Out-Smarting the Future: An Opportunity

Out-Smarting the Future: An Opportunity
Published: Jan 20, 2019
The smart city agenda — pushing cities to use technology to better integrate their communicative, physical and digital infrastructure — offers risks as well as convenience. A new report considers two big risks: will the physical infrastructure meet the demand for electric vehicles, and how fairly is the roll-out of improvements shared with all citizens of a local society.

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JWC: What are the key potential problems you are addressing in your report 'Smart Cities: Fair Investment for Sustainable Growth'?

JOE FYANS: The report is intended as a response to the ‘smart cities’ agenda, with the key problem addressed being: as we move away from fossil fuels and towards ‘smart’ technology powered through the energy grid, what infrastructure upgrades are required? We use the example of electric vehicles and their charging equipment to illustrate how, without a coordinated strategy, more deprived areas could be left behind.

To understand the potential positive impact of your report, what could occur if the report's recommendations were completely ignored?

Left to the market alone, a situation may arise where infrastructure for smart technology (local power grid upgrades to cope with extra demand, charging points for electric vehicles) are placed primarily in places where people already have the means to buy this technology. This could create a cycle where subsequent investment in infrastructure is then poured into these wealthier areas, even as smart technology itself becomes more affordable.  So we risk a tale of two cities within our cities.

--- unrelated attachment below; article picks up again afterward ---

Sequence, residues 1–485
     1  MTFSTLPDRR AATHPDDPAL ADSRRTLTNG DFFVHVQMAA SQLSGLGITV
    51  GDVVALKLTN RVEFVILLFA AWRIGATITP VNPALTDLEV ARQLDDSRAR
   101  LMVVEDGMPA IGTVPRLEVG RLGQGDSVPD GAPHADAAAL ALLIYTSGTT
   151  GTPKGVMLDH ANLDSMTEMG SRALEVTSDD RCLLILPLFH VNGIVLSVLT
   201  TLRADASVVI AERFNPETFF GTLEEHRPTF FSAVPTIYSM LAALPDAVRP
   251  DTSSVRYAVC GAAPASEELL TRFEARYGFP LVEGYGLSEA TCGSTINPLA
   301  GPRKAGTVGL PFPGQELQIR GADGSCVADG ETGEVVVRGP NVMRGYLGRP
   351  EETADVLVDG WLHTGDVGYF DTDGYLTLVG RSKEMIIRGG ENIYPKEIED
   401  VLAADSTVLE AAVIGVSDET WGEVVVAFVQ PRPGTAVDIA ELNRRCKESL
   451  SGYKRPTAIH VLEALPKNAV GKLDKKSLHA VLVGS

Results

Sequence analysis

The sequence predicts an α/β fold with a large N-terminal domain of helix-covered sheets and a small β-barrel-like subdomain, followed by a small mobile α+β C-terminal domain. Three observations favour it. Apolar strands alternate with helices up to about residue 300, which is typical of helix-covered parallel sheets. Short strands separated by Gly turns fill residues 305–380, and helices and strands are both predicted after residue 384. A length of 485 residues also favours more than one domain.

What is at the crux of strategic planning inadequancies in the UK that necessitate this particular focus on risks?

Coordination is the main problem. When you’re looking at an innovation of the kind required to make a truly ‘smart city’, you need cooperation across the transport network, the energy network, the communications network and of course citizens and their representatives. It is undeniably challenging but to achieve genuine integration of functions there needs to be concerted action towards defined goals.

As we move away from carbon-based district heating, similar upgrades to infrastructure and strategy will be required.

Perhaps the UK is in step, behind or ahead in its focus on what to do about technological proliferation in cities. How might you comment on what other countries like yours are doing in this area, and how the UK compares?